© Karl Meyer 2008

                                March Madness

It’s become familiar turf—part of my personal landscape history. I realized this when I left the edge of the pavement and fitted myself into a narrow, snow-slumped trail made by hikers, cross country skiers, and snowshoers in a wide swatch of woods. Something about the light, and the March snow cover, enabled me to discern the date almost exactly: it was 9 years ago that I’d first taken this path into these woods.

I remembered because I had just moved back to the Connecticut Valley after a stint living in Rhode Island, and then eastern Massachusetts where I’d worked for Mass. Audubon. I was thrilled to be back, and went out walking along the edge of this ridge with a small knot of friends. It was a sunny, mid-afternoon when we came abreast of a small hemlock grove along the dirt track. The sound caught my ear immediately; we all stopped.

It was a thin, melodious, wavering trill, coming from somewhere in the shadows of those hemlocks. Eastern screech owl. There came that sweet, spooky, arc of a trill again. We all stood, mesmerized. These were not thick hemlocks; the little grove was only fifteen feet deep, spread along sixty feet of trail. It seemed there was no way these birds could not have been aware of four people chatting as they moved through the woods.

But there was more to this, of course. The duettng screech owls had mating in mind. These were courtship calls. Both the males and females of these 8-inch, tufted-eared owls sing. We never glimpsed either of them. But neither did we disturb them. Pair bonding was occurring as this little herd of humans stood silent, taking in the cool March air. By mid-April they would be sitting on 4-5 eggs, the male and female sharing the incubation. Sometimes the two of them would squeeze into that tiny nest hole together. By May they would be feeding their young pre-digested bugs, mice, and wood frogs.

I continued my walk, reminded that this is now a familiar wild place—about equal parts park, open woods, and forest. I’m grateful to have it as part of my history. This was another cool March afternoon. There had been another recent snow, but the angle of the sun was conspiring to scour out bare ground in many south facing places. The maple sap was building in those tree roots, readying to make its spring run. You could just feel it. I little downy woodpecker hammered away at a bark-less snag.

For then next while my walk was unremarkable; contemplative. Footsteps on a softening snow path. I eventually wandered up a path that brings you alongside a little rill. With nothing in particular wedged in my mind, I can only say I was startled by a raucous “bah!, bah!, bah!!” I froze. It was a pileated woodpecker, a familiar resident here. Its fist-sized carvings are a signature of many decaying hardwood snags in this tract. I looked up to the trees, but saw nothing.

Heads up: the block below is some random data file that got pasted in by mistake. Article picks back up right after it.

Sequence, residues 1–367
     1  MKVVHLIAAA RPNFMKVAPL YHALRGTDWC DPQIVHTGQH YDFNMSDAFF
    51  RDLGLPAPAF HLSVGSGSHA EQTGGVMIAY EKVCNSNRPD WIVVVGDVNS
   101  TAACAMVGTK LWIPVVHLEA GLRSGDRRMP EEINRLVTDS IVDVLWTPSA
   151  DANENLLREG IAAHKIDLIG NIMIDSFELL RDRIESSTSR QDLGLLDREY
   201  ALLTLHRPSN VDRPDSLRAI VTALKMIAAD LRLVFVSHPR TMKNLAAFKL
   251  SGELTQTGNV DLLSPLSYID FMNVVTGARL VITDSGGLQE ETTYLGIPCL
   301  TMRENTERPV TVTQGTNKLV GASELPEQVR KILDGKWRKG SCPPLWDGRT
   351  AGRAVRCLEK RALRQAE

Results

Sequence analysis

Then, a shadow, and “bah!, bah!, bah!!” again. It was below me, and to the left, smack in the middle of a ten foot pool of water–moved gently by the input of that tiny brook. Red-crest raised, wings held aside, this crow-sized king of the woodpecker family was having itself a bird bath. I didn’t move. I thought it had been yelling about my intrusion. This was something else. It fidgeted in awkward contentment in that stream for twenty seconds. When it looked aside I quickly shifted so I could see better look around the thick trunk in front of me. The woodpecker shook its wings, droplets rolled off its back. Then it took off.

I thought it would be gone, but the bird stayed. It simply pumped off wing beats enough to take it to a spindly, wrist-thick elm, and then glued itself to the bark, where it used its bill to preen from the tail forward. It was a ridiculously small tree for such a large bird. But then it shot into flight again—not away from me, but back into the puddle. “Bah!, bah!, bah!!!”, it screamed, settling into the chilly stream. Again, it bathed for a minute; then took off to a nearby tree. This one was a slightly more suitable maple, the thickness of the barrel of a baseball bat. There, it did a little more preening, perhaps dispensing with some of the mites in its feathers.

It repeated this act once more, its boisterous yells coming as it settled into the cold water. I felt like I was watching some Russian bureaucrat visiting an icy Moscow pool, then scooting back into the steam bath. Finally, after a victorious yell, it took off for a more suitable forest tract, landing about 40 feet up on the fat trunk of a hundred-foot white pine. I soon lost it in the branches—in woods that are now part of my landscape history.